Exit, Pursued by a Bear by E.K. Johnston
“I love you,” Polly says suddenly when I’m almost to the door.
“I know,” I say.
Hermione Winters has been a flyer. She’s been captain of her cheerleading team. The envied girlfriend and the undisputed queen of her school. Now it’s her last year and those days and those labels are fading fast. In a few months she’ll be a different person. She thinks she’s ready for whatever comes next.
But then someone puts something in her drink at a party, and in an instant she finds herself wearing new labels, ones she never imagined:
Victim. Survivor. That raped girl.
Even though this was never the future she imagined, one essential thing remains unchanged: Hermione can still call herself Polly Olivier’s best friend, and that may be the truest label of all.
Heartbreaking and empowering, Exit, Pursued by a Bear is the story of transcendent friendship in the face of trauma.
“I love you,” I say, because I really, really do.
“I know,” says Polly.
I really loved this book. It reminded me so much of Bring It On, one of my favorite movies, but heavier. The characters were so normal for cheerleaders. Perhaps because they live in Canada?
I connected with Hermione right away. She’s named for her father’s love of Harry Potter, and she’s very dedicated to her sport. So much so that she’s told her boyfriend they won’t be having sex during their two weeks at cheer camp before their senior year of high school. Hermione is co-captain of the cheerleading squad, along with her best friend, Polly. And they have a mission. To break the curse. Each grade at their school has lost one student to drunk driving and one girl has gotten pregnant. A fellow student already died a few years ago, but Hermione is determined that no one in their class will get pregnant. They only have 10 months left of high school. How hard can it be?
Then Hermione is drugged and raped the last night of camp. Johnston handles this topic very well. The story was unique because everyone believes Hermione right away since she was found unconscious in the lake. It was interesting to see how everything played out. It’s so different from other books dealing with rape. The other interesting element is that Hermione cannot remember what happened or who did it.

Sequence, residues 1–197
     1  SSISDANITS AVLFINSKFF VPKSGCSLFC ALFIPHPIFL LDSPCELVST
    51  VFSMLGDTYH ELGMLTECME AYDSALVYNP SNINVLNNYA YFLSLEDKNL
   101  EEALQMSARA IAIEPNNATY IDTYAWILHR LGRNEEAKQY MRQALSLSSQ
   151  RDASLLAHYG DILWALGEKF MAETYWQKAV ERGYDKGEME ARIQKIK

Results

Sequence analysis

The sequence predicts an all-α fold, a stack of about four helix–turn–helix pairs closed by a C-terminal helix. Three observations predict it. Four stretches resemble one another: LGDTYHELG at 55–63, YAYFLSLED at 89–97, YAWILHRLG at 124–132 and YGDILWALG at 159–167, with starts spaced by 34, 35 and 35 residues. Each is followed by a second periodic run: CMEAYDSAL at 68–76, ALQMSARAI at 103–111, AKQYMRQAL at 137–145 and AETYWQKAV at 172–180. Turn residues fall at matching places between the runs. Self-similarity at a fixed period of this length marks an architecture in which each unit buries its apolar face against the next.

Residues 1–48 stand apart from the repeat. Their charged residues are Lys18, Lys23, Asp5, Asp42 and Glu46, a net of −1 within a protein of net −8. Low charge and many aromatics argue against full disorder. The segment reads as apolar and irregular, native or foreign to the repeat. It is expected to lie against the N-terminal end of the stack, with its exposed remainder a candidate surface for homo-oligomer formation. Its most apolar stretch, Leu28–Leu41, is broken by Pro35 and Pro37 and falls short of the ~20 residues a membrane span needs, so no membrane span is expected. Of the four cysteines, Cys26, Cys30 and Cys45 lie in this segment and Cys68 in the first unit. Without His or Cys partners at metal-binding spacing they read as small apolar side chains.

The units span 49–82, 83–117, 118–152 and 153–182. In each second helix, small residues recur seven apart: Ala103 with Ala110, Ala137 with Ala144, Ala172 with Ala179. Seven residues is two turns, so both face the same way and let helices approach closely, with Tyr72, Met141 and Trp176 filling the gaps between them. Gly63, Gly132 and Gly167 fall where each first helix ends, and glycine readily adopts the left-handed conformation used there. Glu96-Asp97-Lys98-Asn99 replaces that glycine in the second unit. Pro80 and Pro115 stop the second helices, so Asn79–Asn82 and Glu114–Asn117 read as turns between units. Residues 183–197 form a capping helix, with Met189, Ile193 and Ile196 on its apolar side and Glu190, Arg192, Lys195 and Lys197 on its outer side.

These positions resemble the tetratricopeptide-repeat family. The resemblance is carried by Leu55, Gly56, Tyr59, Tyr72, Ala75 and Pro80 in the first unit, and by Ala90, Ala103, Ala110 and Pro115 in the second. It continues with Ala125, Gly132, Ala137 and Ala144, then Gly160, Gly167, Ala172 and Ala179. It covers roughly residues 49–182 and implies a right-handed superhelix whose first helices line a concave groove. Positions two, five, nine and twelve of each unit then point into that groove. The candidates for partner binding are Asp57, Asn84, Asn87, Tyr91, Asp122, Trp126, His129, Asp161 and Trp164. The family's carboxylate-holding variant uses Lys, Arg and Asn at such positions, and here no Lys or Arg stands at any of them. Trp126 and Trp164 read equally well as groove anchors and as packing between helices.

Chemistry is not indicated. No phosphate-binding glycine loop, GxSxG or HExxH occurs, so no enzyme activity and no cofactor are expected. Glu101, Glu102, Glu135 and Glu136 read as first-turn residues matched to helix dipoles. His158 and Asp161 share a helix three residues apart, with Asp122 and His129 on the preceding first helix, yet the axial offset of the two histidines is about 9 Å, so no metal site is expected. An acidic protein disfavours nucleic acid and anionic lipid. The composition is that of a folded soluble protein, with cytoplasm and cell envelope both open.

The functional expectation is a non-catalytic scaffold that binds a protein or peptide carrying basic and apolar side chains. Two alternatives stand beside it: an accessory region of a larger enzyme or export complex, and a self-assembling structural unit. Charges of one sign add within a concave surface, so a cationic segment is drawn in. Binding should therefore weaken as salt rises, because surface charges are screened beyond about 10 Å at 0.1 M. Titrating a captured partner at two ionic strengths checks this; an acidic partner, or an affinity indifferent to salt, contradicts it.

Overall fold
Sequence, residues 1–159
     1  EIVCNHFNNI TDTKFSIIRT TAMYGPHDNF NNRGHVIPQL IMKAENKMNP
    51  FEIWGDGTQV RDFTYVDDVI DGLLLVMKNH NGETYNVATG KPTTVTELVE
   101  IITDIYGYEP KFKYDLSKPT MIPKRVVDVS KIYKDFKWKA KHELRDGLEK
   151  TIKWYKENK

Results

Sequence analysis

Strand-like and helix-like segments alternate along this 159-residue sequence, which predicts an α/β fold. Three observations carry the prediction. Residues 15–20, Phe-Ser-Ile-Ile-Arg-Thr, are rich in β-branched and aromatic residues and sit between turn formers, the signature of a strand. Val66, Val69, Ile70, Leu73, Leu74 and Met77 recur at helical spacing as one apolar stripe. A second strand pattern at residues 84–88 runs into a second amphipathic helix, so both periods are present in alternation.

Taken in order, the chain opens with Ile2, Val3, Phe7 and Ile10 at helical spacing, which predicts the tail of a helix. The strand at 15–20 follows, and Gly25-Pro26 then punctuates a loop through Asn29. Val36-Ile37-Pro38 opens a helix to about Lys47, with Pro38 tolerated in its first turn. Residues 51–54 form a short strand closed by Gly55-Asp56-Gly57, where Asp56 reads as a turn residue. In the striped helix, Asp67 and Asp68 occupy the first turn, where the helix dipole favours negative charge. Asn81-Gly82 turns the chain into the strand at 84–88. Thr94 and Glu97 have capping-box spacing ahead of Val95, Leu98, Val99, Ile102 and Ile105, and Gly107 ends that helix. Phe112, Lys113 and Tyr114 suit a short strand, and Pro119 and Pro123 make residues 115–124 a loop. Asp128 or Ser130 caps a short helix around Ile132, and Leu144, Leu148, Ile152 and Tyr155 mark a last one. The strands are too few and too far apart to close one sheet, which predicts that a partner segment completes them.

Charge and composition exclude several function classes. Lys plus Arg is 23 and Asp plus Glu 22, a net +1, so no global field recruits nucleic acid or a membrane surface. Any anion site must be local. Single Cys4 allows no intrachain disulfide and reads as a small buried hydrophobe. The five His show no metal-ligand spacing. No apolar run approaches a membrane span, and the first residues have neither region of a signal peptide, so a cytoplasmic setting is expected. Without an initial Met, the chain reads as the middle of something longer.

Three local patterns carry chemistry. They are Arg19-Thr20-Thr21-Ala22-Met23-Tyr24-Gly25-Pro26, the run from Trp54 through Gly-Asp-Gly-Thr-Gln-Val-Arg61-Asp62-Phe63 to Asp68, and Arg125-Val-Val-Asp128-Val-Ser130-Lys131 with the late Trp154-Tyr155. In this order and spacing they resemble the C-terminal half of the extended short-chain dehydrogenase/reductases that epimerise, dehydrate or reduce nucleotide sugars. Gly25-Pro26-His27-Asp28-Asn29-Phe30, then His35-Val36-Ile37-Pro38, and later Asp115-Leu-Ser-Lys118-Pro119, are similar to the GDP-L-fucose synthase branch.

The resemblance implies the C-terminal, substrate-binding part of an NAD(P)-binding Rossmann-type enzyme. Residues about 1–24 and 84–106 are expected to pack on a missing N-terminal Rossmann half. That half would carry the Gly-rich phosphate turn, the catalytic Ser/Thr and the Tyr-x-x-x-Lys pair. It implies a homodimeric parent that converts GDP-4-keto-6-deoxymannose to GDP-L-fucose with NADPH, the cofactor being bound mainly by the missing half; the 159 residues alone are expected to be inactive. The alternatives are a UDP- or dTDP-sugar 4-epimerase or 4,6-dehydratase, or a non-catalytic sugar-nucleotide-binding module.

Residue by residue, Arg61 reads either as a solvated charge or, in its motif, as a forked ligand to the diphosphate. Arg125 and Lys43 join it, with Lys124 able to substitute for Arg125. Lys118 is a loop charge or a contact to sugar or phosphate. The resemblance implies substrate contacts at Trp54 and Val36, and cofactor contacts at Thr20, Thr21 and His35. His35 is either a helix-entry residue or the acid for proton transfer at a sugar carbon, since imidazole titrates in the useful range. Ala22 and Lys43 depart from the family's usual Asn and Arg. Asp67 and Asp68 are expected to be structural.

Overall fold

I loved Polly! She was the most amazing friend EVER. She stays with Hermione in the hospital and through everything else she is always there. She never gets petty or acts in any way other than loving and open and wonderful. Pretty much everyone on the squad was very supportive. Hermione’s parents were a little awkward, but believable. The teachers and guidance counselor were a little strange, but they’re in a very small town in Ontario, so I didn’t really question it.
This book is short, and Hermione’s voice is so easy to read despite the weighty content. I enjoyed being inside her head. I also liked how the book was broken into different parts with quotes from Shakespeare. Apparently this book is a retelling of A Winter’s Tale. I’ve never read that play.
I struggled with the rating, but I settled on 4 stars (instead of 5) since I don’t give out half stars. I didn’t necessarily feel like I needed to shout from the rooftops and tell everyone to read this book, but I did really, really enjoy it.
My Rating: 4 stars
Understand my ratings.